“I don’t know if it’s a function of more people getting to know who I am, or the fact that more people want to convert,” Rabbi Levitt says. “But I do have more students now than before.”

He’s pretty sure that this is exactly the sort of work he’s supposed to be doing.

“I look at it like Hashem created me and I have a purpose in life,” Rabbi Levitt says. “The opportunity came to me to perform conversions, so I became a teacher. It is another responsibility Hashem is asking me to do, not through words but through opportunities that He’s placing before me.

“So I don’t look at numbers, whether they’re high or low. I just try to do the best I can. These people come to my class and I feel that so many of them are so sincere. All they want to do is what G-d wants them to do, to fulfill their purpose in life.”

RABBI Levitt’s conversion class is based on a year-and-a-half curriculum, although many students need two years to complete the process.

“In a year and a half you can’t cover everything, but we cover the main stuff that they have to know,” he says. “And they know that they always have to continue learning.”

Students are given a rigorous course in basic Judaism — the laws of Shabbos, the holidays, Jewish lifecycle events, family purity laws, principles governing such practices as leshon hara (avoiding gossip and not speaking badly of others), personal modesty,  the seven Noahide laws, 13 principles of faith, the 10 Commandments, laws governing blessings, basic kashrus, the Jewish calendar and more.

Specific study in Torah is not delved into at this stage.

“It’s not a Torah class,” Rabbi Levitt says. “They’re not Jewish yet, so I’m not here to give them lessons in Torah. It is more lessons in Jewish law — how to act as a Jew. They’re like a JIT — a Jew in Training.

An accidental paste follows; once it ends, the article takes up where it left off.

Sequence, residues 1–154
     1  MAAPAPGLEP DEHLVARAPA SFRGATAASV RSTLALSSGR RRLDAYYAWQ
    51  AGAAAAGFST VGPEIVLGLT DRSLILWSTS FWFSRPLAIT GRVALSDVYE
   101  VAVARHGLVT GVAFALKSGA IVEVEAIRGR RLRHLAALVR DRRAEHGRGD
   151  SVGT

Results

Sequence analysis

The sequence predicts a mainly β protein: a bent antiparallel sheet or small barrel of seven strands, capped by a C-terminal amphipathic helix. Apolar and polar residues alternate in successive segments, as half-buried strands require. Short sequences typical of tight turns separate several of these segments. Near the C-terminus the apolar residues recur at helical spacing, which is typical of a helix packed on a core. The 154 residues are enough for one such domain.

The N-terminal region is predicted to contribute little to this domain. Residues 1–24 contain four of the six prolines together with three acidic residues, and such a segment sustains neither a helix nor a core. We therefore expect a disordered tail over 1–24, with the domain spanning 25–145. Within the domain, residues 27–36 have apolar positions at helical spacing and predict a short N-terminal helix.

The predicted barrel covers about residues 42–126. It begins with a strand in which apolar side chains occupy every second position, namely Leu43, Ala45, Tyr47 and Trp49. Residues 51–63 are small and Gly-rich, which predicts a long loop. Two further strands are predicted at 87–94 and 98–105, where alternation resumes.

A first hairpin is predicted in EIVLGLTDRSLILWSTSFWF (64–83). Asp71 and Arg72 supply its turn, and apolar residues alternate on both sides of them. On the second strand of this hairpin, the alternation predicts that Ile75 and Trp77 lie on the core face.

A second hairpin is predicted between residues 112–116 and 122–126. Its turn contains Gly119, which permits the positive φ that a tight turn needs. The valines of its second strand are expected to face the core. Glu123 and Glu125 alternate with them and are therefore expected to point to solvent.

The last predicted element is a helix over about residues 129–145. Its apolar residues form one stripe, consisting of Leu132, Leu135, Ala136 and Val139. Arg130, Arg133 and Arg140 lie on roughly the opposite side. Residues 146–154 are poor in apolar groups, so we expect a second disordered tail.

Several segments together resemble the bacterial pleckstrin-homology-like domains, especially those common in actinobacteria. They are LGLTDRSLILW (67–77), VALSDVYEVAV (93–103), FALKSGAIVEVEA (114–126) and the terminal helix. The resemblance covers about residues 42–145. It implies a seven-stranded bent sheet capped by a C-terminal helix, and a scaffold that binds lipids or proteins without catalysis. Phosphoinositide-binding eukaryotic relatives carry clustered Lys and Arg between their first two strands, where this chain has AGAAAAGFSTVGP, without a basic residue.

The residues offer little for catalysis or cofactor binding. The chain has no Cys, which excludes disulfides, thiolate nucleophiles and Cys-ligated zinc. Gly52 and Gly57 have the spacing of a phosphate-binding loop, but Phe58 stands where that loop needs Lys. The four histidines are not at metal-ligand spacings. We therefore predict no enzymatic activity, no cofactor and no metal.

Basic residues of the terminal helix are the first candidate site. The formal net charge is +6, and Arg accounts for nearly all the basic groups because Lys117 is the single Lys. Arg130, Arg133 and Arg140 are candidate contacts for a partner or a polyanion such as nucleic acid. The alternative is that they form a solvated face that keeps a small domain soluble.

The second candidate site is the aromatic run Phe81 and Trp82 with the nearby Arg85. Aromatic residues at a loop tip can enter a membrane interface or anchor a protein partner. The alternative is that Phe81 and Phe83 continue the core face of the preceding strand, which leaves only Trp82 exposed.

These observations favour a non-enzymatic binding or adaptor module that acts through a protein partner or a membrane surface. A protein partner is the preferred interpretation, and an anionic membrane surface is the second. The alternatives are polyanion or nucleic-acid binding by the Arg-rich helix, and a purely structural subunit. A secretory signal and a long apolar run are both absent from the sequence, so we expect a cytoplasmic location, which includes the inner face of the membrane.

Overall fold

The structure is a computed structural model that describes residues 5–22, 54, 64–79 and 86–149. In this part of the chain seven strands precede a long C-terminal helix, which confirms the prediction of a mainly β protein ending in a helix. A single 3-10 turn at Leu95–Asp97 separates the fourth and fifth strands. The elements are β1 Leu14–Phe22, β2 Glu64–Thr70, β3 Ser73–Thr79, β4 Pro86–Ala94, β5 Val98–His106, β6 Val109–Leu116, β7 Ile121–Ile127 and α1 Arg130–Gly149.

“Part of my class is inspirational stories that will illustrate what we’re learning and inspire.”

It needn’t be a very expensive process for converts, he adds. He charges $20 per student per week, and the largest expenses are the mikveh at the end of the process ($180) and, if needed, a bris from a mohel (about $75).

Students are also expected to share in the expenses of bringing to Denver every six months Rabbi Peretz Steinberg, a conversion expert from (and former head of) the Vaad Harabonim of Queens, who interviews every student twice a year.

Rabbi Steinberg’s participation in the process guarantees that Rabbi Levitt’s students are not only keeping pace with their studies, but that their conversions will ultimately receive an unassailable imprimatur of acceptance.

“Rabbi Steinberg comes every six months to interview the potential converts,” Rabbi Levitt says. “He evaluates what level they’re on and tells them what things they have accomplished and what their goals should be.”

It is only with the final approval of Rabbis Levitt and Steinberg, and the rabbi who initially sponsored the student, that students eventually achieve conversion.

“What the rabbinical court likes to see is a really fine track record of keeping the mitzvahs, going to shul, keeping kosher, practicing family purity laws.”

Conversion students are required to keep a personal calendar detailing their transition from their former lifestyle into an observant one.

“We look to see what they look like and how they’re acting,” Rabbi Levitt says. “We take a look at their calendars and see what kinds of questions they’re asking and who they’re asking these questions of.

“We don’t have to see 100% fulfillment. What we want to see are signs of a really strong and sincere desire, and that they’re moving in the right direction.”

Once they have successfully completed the class, students go through the rituals and are ultimately rewarded with a conversion under the authority of the Vaad Harabonim.

That authority is crucial, Rabbi Levitt says, since many bodies which issue conversion certificates — even some Orthodox ones — are not considered acceptable by Israel’s Chief Rabbinate which has, with considerable controversy, severely tightened their standards of defining who is a Jewish convert.

Since Rabbi Steinberg personally supervises each student in Rabbi Levitt’s class, his conversions are considered acceptable even by the strictest Israeli authorities. None of his converts has had any problems being recognized as fully Jewish by Israel or any other authority.

“So far, thank G-d, even in Israel, we’ve had a perfect record,” the rabbi says.